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I've got a std::vector<Foo> where Foo is a class containing Foo( Foo&& ) noexcept.

Adding objects to the container works flawlessly, however erasing them using std::vector::erase( iterator ) does not, GCC 4.7 tries to call the assignment operator which I have deleted. The exact error message is:

error: use of deleted function ‘Foobar& Foobar::operator=(const Foobar&)

Edit: Of course std::vector calls the assignment operator, not the copy constructor (you can see that in the error message, too). Fixed it in the description, sorry.

Here's example source code as requested:

#include <vector>

class Foo {
    public:
        Foo() {}
        Foo( Foo&& other ) noexcept {}

        Foo( const Foo& ) = delete;
        Foo& operator=( const Foo& ) = delete;
};

int main() {
    std::vector<Foo> v;

    v.push_back( Foo{} );
    v.erase( v.begin() );
}
share|improve this question
1  
Do you have some demo code? – kennytm Sep 28 '12 at 9:43
    
Without code, it's hard to see what the problem is – sehe Sep 28 '12 at 9:48
    
Source code added. :-) – Tank Sep 28 '12 at 9:52
    
So your class is named Foo but you're getting an error message about Foobar? Something doesn't match. Real code, please. – Pete Becker Sep 28 '12 at 14:52
up vote 8 down vote accepted

The problem is that you did not provide a move assignment operator. This is part of the vector Movable requirements for some functions.

share|improve this answer
    
Oh. Hehe. I just typed up my own sample, and automatically added the move assignment operator. Explains why it worked for me then :) +1 – sehe Sep 28 '12 at 9:58
    
+1 well spotted! – Walter Sep 28 '12 at 10:01
1  
The compiler error gives it all away- no suitable operator=. – Puppy Sep 28 '12 at 14:08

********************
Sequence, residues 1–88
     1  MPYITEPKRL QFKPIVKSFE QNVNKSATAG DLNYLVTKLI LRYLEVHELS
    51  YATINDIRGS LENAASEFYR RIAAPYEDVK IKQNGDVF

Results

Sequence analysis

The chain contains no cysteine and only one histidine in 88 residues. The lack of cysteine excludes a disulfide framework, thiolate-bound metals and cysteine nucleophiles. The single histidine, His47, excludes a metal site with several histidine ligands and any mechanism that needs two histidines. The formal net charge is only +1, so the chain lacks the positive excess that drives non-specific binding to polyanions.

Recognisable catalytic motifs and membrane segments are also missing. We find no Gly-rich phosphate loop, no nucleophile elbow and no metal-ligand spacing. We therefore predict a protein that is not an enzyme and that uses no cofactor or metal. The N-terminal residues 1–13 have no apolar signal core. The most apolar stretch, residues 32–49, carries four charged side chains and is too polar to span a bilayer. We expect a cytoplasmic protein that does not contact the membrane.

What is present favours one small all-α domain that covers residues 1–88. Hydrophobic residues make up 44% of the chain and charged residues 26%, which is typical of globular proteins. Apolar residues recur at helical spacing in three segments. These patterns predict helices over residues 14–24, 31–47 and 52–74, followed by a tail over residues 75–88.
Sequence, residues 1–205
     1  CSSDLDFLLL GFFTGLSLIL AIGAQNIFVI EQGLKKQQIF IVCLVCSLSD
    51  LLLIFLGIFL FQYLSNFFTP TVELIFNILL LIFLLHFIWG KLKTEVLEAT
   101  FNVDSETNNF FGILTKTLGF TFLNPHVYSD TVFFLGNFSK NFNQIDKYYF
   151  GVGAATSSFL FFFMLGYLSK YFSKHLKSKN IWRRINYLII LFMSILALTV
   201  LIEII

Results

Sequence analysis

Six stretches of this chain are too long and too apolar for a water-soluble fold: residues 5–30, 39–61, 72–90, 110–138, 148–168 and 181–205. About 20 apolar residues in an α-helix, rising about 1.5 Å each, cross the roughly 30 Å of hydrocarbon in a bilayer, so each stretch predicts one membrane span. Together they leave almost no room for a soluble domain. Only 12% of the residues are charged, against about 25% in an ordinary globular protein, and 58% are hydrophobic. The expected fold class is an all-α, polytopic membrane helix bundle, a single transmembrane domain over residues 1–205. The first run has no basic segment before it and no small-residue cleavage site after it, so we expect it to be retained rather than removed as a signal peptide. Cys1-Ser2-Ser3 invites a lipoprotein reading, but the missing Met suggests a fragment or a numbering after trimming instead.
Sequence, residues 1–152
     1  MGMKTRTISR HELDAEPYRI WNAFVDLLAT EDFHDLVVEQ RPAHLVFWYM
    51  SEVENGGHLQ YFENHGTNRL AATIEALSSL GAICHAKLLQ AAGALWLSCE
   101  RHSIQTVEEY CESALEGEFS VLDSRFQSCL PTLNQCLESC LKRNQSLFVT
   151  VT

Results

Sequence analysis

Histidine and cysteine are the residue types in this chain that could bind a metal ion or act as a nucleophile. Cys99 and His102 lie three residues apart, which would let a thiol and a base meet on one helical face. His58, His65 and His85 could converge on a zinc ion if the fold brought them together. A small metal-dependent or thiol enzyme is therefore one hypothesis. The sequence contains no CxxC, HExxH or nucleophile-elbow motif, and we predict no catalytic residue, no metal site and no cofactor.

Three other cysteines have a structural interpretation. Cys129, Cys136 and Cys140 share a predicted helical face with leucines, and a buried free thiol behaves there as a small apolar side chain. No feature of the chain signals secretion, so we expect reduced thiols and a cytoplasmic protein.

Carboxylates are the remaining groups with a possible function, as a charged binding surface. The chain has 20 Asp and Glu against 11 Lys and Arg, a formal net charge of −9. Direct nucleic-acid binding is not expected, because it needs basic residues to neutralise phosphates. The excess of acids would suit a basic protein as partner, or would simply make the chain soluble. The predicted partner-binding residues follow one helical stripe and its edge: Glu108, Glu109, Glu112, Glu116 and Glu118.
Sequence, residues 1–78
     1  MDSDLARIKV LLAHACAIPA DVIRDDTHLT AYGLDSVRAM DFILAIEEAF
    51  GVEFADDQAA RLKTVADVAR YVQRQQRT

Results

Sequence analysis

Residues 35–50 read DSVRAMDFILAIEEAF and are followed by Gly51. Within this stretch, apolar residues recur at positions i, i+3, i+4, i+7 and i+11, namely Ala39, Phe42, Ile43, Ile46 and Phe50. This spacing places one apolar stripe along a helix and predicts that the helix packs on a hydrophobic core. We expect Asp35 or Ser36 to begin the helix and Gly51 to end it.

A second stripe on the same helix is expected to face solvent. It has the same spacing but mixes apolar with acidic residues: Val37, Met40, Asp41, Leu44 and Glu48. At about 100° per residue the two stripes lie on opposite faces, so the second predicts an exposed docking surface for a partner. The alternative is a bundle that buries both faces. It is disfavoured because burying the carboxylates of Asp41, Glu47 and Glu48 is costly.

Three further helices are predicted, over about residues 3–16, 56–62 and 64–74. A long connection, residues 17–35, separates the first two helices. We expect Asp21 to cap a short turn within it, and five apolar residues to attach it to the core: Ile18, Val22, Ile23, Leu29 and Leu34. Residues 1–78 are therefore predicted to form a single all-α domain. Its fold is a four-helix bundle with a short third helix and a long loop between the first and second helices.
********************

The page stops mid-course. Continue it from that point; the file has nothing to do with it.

I couldn't reproduce it. Turns out good habits go a long way: I had the move asignment operator defined.

Live on GCC 4.7.2: http://liveworkspace.org/code/36c600c285f2c91649fd4f73784c2c00

#include <iostream>
#include <vector>

struct Foo
{
    Foo() {}

    Foo(Foo const&) = delete;
    Foo(Foo&&) throw() { }

    Foo& operator=(Foo const&) = delete;
    Foo& operator=(Foo&&) throw() { return *this; }
};

int main(int argc, char* args[])
{
    std::vector<Foo> v;
    v.emplace_back();
    v.emplace_back();
    v.emplace_back();
    v.emplace_back();

    auto it = v.begin();
    it++;
    v.erase(it);
}
share|improve this answer
    
Actually a very good idea, however erase() doesn't like the move iterator, it says there's no matching function call for std::move_iterator<...>. – Tank Sep 28 '12 at 9:53
1  
I just noticed, and updated the code. It turns out that in 'inventing' the replicating sample I automatically defined the move assignment operator, as @DeadMG suggests. Habits... – sehe Sep 28 '12 at 9:57
    
Hehe, interesting. Thanks a lot, providing the move assignment operator too makes perfect sense. – Tank Sep 28 '12 at 10:01
    
Any particular reason for using throw() over noexcept, or are they synonymous? – ildjarn Sep 28 '12 at 19:20
    
@ildjarn My local gcc version didn't yet accept the keyword. I'd guess they would roughly mean the same, though throw() has many troubles so I'd prefer noexcept – sehe Sep 28 '12 at 20:07

DeadMG's answer is excellent, however I'd like to promote another way of writing the assignment operator:

struct Foo {
    Foo() {}

    Foo(Foo const&) = delete;
    Foo(Foo&&) throw() { }

    Foo& operator=(Foo) throw() { return *this; }
};

Since you require a fresh temporary at the start of the method, the compiler will pick either the copy or move constructor to create this temporary on its own, and you do not have to write both a copy assignment operator AND a move assignment operator :)

share|improve this answer
    
He doesn't anyway, because his class is uncopyable. – Puppy Sep 28 '12 at 14:10
    
@DeadMG: I'll avoid entering in the details of what is automatically defaulted and what is automatically deleted... it's too quirky. – Matthieu M. Sep 28 '12 at 15:28

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